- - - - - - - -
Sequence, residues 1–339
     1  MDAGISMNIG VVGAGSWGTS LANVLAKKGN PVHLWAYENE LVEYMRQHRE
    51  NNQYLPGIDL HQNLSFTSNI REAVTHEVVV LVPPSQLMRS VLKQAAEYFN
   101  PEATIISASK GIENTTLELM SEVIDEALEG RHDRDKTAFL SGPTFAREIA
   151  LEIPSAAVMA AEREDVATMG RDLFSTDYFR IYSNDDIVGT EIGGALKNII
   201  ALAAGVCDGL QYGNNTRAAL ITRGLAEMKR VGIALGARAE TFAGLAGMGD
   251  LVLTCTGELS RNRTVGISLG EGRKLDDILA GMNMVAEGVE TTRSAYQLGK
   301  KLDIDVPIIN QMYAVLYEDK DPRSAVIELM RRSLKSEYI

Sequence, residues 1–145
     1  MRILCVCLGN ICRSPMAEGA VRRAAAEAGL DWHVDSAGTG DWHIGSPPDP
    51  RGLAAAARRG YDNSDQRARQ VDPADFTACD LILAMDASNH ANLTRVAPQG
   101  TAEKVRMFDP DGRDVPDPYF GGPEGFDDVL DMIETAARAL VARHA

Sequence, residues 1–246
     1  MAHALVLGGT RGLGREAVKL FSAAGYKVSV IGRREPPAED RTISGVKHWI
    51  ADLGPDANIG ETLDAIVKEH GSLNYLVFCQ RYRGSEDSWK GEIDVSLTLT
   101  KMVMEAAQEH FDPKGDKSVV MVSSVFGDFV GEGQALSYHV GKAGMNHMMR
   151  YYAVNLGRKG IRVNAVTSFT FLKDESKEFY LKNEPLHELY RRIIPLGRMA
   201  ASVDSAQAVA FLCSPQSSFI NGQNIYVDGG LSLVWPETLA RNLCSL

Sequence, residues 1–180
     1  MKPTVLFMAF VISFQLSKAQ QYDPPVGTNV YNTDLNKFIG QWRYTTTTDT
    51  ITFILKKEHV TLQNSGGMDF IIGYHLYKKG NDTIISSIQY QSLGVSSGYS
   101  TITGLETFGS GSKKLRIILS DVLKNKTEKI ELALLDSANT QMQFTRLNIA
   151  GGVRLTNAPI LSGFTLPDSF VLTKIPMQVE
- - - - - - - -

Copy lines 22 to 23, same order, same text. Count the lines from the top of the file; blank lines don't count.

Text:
   101  TITGLETFGS GSKKLRIILS DVLKNKTEKI ELALLDSANT QMQFTRLNIA
   151  GGVRLTNAPI LSGFTLPDSF VLTKIPMQVE